3. Result

3.1. Study Selection

From the electronic database, we have retrieved a total of 1398 original studies. After the deletion of duplicate studies, 880 studies remained. After that, we selected 152 studies by reading the titles and abstracts of the articles. Through careful review of the inclusion criteria and assessed full-text articles, 118 studies were excluded again. The reasons for exclusion include the following: review article (38); control group was not conventional western medicine treatment (31); experimental group had other traditional Chinese medicine treatment measures (22); asthma stage was not in acute attack stage (15); clinical efficacy was the only outcome of the study (12). In the remaining 34 studies, it was found that the outcomes in one study did not have clear unit and did not meet the inclusion criteria, and 33 studies were included to analyze the results eventually (Figure 1).

3.2. Characteristics of Included Studies

A total of 33 RCTs including 2176 patients were enrolled, among which 1328 were in experimental group and 1320 in the control group. All of the patients in these studies were in the acute attack stage of asthma. Specific interventions were 12 studies using the original XQLF decoction combined with conventional treatment compared with conventional treatment alone, 16 studies using the modified XQLF decoction combined with conventional treatment, 4 studies for XQLF granules, and one study for XQLF mixture. Of the study population, 4 were children and 29 were adults. Only 1 study mentioned the occurrence of adverse reactions [11]. The treatment duration of 18 trials lasted up to 14 d, 5 trials lasted up to 10 d, and 13 studies lasted up to 7 d. The summary characteristics of the included studies are shown in Table 1.


AuthoryearNumber (T/C)Gender (M/F)Age (T/C)RandomizationInterventionTreatment duration (d)Outcomes
T/CCT in both group

Cheng201132/3540/2749.95 ± 14/46.24 ± 15.4RNTO-XQLD (300 ml/d) + CT/CTBudesonide powder (400∼800 μg/d)14CER; FEV1

Cheng201124/2423/2554.3 ± 6.4/55.6 ± 5.7RNTM-XQLD (1dose/d) + CT/CTBudesonide aerosol (200–800 mg/d)14CER; FEV1; PEF

Fang201556/5666/4655.1 ± 10.4/54.8 ± 10.2RNTM-XQLD (400 ml/d) + CT/CTBudesonide aerosol (1600 μg/d)14CER, SS

Guo201750/5046/5441.61 ± 3.10/41.06 ± 3.09RNTM-XQLD (2dose/d) + CT/CTBudesonide formoterol powder (160 μg/d)14CER; FEV1; PEF

Guo201830/30Unclear18–65UnclearM-XQLD(400 ml/d) + CT/CTBudesonide formoterol powder (160 μg/4.5 μg)14FVC; PEF; Ig E

Huang200832/3237/2742.6 ± 6.13/44.32 ± 6.18UnclearM-XQLD (400 ml/d) + CT/CTBecotide aerosol (500 μg/d)10CER; FEV1; PEF; IgE; EOS

Huang201644/4455/3340.5 ± 10.2/39.8 ± 9.8UnclearO-XQLD (1dose/d)  + CT/CTBronchodilator agent + glucocorticoid14CER; EOS

Huang201722/2231/1341.24 ± 1.23/41.21 ± 1.26UnclearXQLG (3 bags/d) + CT/CTSalmeterol fluticasone powder (2 dose/d)7FEV1; PEF; FVC

Huang201239/3933/4539.8 ± 9.8/40.6 ± 10.3UnclearO-XQLD (1dose/d) + CT/CTBronchodilator agent + glucocorticoid14CER; EOS

Jiang201626/2629/2318–65RNTXQLG (3bags/d) + CT/CTSalmeterol fluticasone inhalant (100-500 μg/d)7CER; FEV1; PEF; FVC

Jiang201540/4022/5842.34 ± 4.21/44.34 ± 4.68RNTM-XQLD (100 ml/d) + CT/CT80 mg prednisone + 5 mg ventolin (2-3 dose/d)7CER; FEV1; EOS

Li201845/4543/4744.6 ± 8.7/43.6 ± 9.6UnclearM-XQLD (2 dose/d) + CT/CTAminophylline + glucocorticoid + antibiotics14CER; IgE; EOS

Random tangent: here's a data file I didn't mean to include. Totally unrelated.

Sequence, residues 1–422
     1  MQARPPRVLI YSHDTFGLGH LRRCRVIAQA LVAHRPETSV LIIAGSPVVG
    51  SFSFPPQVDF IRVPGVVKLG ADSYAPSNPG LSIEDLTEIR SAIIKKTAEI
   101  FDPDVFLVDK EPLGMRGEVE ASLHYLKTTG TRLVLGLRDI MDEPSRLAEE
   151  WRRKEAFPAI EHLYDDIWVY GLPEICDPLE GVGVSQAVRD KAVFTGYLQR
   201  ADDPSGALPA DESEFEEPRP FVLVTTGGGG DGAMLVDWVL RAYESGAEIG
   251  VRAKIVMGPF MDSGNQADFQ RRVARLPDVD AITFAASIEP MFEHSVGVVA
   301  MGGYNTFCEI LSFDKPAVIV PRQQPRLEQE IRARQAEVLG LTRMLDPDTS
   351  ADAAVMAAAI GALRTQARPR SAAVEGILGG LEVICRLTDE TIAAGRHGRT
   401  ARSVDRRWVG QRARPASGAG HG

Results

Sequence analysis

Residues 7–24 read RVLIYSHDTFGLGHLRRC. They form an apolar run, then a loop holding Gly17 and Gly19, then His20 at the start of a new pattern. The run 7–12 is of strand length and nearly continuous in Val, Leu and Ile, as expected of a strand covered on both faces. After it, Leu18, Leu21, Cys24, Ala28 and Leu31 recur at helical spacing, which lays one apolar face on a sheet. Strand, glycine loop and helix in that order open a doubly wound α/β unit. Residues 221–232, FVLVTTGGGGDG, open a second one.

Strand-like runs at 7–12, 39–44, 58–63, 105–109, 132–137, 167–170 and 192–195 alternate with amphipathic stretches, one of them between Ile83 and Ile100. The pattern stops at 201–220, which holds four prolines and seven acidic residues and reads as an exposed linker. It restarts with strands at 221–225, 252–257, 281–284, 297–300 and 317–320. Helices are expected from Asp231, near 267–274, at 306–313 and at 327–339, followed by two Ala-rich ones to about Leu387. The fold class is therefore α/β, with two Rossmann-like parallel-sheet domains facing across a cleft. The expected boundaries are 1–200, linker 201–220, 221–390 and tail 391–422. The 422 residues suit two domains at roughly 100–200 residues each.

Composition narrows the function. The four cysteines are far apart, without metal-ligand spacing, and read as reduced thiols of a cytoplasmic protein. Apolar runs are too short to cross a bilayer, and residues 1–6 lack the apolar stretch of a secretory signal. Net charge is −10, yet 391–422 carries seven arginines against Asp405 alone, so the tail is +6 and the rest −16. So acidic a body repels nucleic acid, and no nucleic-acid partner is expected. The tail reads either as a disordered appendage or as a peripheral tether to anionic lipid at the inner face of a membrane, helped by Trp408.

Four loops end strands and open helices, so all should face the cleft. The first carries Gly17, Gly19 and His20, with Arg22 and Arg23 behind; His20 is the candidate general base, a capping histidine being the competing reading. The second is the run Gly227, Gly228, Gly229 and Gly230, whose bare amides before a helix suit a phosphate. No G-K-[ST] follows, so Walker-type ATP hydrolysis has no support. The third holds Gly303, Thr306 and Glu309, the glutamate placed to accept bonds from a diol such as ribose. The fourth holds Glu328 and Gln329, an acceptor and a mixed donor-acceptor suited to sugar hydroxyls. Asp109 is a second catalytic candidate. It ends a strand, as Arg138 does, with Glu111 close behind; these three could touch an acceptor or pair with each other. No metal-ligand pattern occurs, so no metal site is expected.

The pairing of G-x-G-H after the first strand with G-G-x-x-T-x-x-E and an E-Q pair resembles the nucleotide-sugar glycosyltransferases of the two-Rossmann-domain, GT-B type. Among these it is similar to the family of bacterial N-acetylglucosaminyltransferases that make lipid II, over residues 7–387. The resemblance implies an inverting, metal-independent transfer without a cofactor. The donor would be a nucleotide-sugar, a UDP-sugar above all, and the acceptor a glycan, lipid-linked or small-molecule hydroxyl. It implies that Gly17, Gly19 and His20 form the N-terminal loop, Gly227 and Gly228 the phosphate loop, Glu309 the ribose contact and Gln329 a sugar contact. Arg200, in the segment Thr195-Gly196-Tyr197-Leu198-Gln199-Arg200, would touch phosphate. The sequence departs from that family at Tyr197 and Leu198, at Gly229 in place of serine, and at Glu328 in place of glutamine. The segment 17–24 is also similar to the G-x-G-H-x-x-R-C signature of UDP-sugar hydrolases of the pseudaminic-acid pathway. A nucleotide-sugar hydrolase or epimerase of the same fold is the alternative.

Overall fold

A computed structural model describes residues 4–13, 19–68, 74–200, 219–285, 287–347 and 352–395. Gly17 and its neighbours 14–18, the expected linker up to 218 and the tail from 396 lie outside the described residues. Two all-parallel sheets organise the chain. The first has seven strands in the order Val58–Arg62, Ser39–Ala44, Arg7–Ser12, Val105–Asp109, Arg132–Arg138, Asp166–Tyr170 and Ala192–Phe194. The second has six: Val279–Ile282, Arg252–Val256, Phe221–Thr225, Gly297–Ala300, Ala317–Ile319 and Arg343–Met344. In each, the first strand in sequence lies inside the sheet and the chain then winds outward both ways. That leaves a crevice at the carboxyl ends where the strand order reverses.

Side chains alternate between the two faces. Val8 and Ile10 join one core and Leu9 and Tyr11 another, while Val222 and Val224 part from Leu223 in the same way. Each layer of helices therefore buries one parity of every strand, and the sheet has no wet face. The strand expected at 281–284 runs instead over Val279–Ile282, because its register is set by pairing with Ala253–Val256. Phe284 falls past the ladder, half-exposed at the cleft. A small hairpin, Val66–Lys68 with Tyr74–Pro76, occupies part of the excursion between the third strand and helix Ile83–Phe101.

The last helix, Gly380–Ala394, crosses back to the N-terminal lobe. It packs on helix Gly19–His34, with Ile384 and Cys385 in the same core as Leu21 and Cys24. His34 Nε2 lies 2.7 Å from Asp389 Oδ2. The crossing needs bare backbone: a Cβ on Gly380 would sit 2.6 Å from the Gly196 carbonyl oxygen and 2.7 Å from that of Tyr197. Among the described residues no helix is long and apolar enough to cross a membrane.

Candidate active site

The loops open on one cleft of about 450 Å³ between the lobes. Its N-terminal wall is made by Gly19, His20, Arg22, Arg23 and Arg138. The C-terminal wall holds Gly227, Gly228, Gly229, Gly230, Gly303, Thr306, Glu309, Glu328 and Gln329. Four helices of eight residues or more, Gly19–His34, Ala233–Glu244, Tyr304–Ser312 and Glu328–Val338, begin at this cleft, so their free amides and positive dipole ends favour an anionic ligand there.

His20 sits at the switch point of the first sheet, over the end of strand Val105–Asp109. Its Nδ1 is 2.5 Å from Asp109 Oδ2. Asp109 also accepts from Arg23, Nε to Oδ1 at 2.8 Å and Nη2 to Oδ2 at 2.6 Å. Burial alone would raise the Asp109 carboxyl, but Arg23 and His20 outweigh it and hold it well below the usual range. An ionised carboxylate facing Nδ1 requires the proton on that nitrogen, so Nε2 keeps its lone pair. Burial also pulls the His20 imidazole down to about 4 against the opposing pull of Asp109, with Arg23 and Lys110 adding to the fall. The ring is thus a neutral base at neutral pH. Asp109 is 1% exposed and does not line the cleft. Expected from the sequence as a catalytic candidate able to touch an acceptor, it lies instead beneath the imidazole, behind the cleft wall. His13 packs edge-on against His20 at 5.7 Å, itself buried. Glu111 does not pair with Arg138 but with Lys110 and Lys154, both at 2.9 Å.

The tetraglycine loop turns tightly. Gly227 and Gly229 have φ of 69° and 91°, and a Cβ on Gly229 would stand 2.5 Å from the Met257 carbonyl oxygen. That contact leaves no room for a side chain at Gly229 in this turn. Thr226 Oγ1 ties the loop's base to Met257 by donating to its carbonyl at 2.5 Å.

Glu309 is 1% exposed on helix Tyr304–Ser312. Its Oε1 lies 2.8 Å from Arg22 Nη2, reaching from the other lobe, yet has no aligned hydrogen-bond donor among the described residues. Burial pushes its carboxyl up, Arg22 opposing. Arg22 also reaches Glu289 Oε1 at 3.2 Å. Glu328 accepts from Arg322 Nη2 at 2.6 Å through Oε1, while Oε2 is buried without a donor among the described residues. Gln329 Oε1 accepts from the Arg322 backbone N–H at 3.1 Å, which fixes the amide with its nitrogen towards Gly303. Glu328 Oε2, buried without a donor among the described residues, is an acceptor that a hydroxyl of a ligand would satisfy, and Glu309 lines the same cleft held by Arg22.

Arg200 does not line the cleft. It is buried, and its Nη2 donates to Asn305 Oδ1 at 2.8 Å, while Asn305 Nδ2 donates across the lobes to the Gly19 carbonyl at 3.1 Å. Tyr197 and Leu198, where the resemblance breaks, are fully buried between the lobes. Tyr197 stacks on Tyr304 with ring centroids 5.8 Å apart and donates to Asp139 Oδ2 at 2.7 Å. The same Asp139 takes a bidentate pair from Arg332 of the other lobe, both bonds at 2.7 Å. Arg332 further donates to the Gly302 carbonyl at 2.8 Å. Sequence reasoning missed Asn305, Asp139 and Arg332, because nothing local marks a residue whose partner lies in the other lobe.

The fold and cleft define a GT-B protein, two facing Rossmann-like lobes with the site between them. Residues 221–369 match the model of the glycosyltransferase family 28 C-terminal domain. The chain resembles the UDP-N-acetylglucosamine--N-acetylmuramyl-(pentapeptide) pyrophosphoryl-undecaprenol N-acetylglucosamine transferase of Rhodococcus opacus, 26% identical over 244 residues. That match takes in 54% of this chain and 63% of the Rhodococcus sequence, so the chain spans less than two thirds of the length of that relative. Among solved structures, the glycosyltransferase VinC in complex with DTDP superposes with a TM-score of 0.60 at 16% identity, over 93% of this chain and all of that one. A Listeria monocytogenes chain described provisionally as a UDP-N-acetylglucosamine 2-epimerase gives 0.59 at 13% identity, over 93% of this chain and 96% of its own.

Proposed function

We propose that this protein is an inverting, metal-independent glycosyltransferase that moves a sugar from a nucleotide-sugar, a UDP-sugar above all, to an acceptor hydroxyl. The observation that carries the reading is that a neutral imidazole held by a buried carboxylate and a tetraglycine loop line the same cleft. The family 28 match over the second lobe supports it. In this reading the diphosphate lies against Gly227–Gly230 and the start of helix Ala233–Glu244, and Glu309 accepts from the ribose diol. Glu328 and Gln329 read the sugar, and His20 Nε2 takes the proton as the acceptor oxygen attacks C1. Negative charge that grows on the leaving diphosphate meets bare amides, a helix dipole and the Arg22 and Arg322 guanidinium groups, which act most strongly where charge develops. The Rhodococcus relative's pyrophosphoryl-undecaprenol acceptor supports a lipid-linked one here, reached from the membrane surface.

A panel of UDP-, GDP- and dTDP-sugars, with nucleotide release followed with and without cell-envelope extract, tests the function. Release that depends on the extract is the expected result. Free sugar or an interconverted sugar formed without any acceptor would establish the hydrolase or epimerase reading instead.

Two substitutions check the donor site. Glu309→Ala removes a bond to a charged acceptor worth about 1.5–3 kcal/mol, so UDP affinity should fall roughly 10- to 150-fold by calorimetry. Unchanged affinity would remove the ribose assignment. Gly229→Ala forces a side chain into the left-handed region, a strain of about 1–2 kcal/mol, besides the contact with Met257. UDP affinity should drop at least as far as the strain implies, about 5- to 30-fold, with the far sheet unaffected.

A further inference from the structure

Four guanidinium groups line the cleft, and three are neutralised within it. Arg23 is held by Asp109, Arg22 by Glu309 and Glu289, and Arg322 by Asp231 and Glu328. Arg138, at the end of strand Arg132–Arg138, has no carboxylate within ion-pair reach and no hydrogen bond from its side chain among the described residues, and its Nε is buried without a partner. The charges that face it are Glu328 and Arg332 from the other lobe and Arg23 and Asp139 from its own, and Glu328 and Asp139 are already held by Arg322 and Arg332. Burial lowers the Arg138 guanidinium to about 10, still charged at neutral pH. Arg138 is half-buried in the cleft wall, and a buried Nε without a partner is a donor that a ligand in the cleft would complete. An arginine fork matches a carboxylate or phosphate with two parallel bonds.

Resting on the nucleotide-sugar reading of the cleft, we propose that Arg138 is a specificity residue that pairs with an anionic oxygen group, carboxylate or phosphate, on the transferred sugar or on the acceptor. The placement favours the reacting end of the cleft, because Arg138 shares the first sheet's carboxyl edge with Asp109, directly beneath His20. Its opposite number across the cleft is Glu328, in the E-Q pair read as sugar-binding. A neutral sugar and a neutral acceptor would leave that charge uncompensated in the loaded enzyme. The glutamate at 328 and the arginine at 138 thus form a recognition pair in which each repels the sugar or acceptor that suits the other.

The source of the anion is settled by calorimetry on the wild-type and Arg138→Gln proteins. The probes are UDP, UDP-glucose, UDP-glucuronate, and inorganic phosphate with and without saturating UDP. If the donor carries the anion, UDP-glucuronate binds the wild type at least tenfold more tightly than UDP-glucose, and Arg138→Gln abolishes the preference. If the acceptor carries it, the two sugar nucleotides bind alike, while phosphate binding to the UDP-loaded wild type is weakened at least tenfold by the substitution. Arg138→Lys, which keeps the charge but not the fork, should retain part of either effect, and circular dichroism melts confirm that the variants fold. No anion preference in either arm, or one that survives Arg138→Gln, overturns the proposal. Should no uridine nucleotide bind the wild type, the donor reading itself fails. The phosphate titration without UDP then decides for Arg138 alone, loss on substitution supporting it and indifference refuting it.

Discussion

Li201966/6671/6118–65RNTXQLG (3 bags/d) + CT/CTBudesonide aerosol (2-3 dose/d)7CER; FEV1; PEF; FVC;

Lin201840/4043/3740.58/40.49RNTO-XQLD (1 dose/d) + CT/CTSalmeterol fluticasone inhalant (100-500 μg/d)7CER; EOS

Lin200323/2023/2041/40RNTM-XQLD (1 dose/d) + CT/CTReceptor agonists, glucocorticoids, and antibiotics14CER; FEV1; FVC; Ig E

Liu201736/3639/3329.16 ± 4.21/29.06 ± 4.35RNTM-XQLD (400 ml/d) + CT/CTBronchodilator agent + glucocorticoid14CER; EOS

Liu2016100/100136/5426.2 ± 3.5/25.9 ± 4.5UnclearO-XQLD (200 ml/d) + CT/CTBronchodilator agent + glucocorticoid7CER; FEV1;

Liu201830/3031/2950 ± 2.1/50 ± 2.5UnclearM-XQLD (100 ml/d) + CT/CT10 mg montelukast + 80 μg budesonide aerosol (2 dose/d)14CER; AR

Liu201438/3842/3447.9 ± 4.9UnclearXQLM (60 ml/d) + CT/CTSalbutamol aerosol (0.4 mg/d)14CER; FEV1; FVC;

Lu201735/3443/269.16 ± 2.85/9.47 ± 2.41RNTXQLG (2 dose/d) + CT/CT100 μg fluticasone propionate + 50 μg salmeterol (1 dose/d)7CER; Ig E

Luo201130/3027/3340.1 ± 10.2/44.0 ± 10.2RNTO-XQLD (1 dose/d) + CT/CTBronchodilator Agent + glucocorticoid10CER; EOS

Shi200940/4046/3445.3 ± 11.3/43.2 ± 11.6Admission timeM-XQLD (unclear) + CT/CTTheophylline + long-acting beta agonists + glucocorticoids10CER; IgE; EOS

Sui201442/4241/4366.3 ± 10.46/66.26 ± 10.58RNTM-XQLD (300 ml/d) + CT/CTSalbutamol aerosol (0.4 mg/d)14CER; SS

Wan201422/2221/2367.62 ± 4.79/42.9 ± 9.73UnclearM-XQLD (1 dose/d) + CT/CTBronchodilator agent + theophylline + glucocorticoid7CER; IgE; EOS

Wen201640/4045/3526.2 ± 3.5/25.9 ± 4.5UnclearO-XQLD (100 ml/d) + CT/CTBronchodilator agent + glucocorticoid7CER; FEV1;

Wu201850/4863/359.37 ± 1.25/8.95 ± 1.31UnclearO-XQLD (1dose/d) + CT/CTBudesonide aerosol (400 μg/d)14CER; SS

Xu201950/5044/5652.21 ± 2.11/52.26 ± 2.15UnclearM-XQLD (1dose/d) + CT/CTSalmeterol fluticasone inhalant (100–500 μg/d)7CER; EOS; PEF; FEV1

Xu201141/3755/2342.13 ± 8.14/41.13 ± 7.32UnclearO-XQLD (unclear) + CT/CTDrugs of relieving cough and subsiding wheeze14CER; EOS; FEV1

Zhang200533/3037/263 months to 14 years oldUnclearM-XQLD (1 dose/d) + CT/CTHydrocortisone succinate: 10 mg/(kg d) (3 doses/d)14CER; FEV1; PEF; EOS; IgE

Zhang201720/2024/1643.5 ± 9.7/44.6 ± 10.8Admission timeO-XQLD (300 ml/d) + CT/CTMontelukas (10 mg/d)10CER; FEV1

Zheng201232/3229/3545.3 ± 8.7/42.9 ± 9.1Admission timeO-XQLD (300 ml/d) + CT/CTSalmeterol fluticasone inhalant + salbutamol7CER; FEV1; PEF; EOS